Filled sections

  • Enscape does not (currently) support the auto display section fills toggle in SU; turn it off to see what it will look like in Enscape.


    However there is a simple work-around:

    - R-click on your section plane and create group from slice

    - select the move tool and move this outside of your geometry * (I normally hit [down arrow], move the mouse up and type [10000] to shove it above the model)

    - turn off the display section planes

    - enter into the group that was created and draw a large rectangle to encompass all the lines

    - select all, r-click and explode. if there is anything blue (selected) then repeat until it's all exploded.

    - get rid of all the floor and outside rectangle fills (should leave you with walls all filled in)

    - exit the group and fill it with a dark colour

    - (optional: create a layer called "section" and assign this group to that layer - the visibility of this group can now be toggled with a tic)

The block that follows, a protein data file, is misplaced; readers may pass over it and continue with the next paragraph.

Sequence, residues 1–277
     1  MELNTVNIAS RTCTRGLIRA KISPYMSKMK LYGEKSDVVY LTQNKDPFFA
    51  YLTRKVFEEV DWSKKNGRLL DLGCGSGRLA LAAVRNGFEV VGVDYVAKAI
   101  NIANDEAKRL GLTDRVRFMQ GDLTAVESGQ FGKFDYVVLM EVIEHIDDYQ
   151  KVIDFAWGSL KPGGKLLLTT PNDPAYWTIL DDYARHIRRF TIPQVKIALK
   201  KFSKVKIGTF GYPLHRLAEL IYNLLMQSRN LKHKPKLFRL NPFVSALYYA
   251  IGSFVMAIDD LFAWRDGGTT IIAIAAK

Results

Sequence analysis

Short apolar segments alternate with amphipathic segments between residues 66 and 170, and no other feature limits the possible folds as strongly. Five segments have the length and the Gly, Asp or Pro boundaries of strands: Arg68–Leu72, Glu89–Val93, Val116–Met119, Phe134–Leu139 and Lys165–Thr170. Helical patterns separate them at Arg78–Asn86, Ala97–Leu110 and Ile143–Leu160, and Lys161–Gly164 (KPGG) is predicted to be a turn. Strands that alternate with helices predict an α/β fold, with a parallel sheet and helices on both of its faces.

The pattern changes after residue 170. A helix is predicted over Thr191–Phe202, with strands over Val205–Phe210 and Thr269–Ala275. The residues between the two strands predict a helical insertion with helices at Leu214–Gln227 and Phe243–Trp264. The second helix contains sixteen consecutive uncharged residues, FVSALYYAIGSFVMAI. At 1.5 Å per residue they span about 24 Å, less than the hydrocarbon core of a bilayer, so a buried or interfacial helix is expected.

- move it down by 10001

    - activate the section plane again.


    (* the group you just created becomes the selection - if you click anything else before moving it then you will probably find it really annoying trying to select it again; it seems to be under everything you click on.)

  • You're not clicking on the section plane - you need to make sure that there is no geometry under your mouse or you click on one of the section corner indicators. (It's tricky - click on the "view extents" button and you should be able to see the corners)




    BTW anyone know if the SU SKALP plugin works with Enscape?

  • Yes, you are right, thank you.

    Sorry, one more question: if we can not make sections within a group in SP and have them visible in Enscape; is there a way to set a section just in part of the model, not whole and have it visible in Enscape?

    Thank you

  • I don't think so (but welcome to be corrected). Perhaps Skalp would do it?


    The only way I know to do that would be in post-production (create two renders and then merge the relevant bits in image manipulation software). With the speed of rendering Enscape offers, it could be worth spending time on it.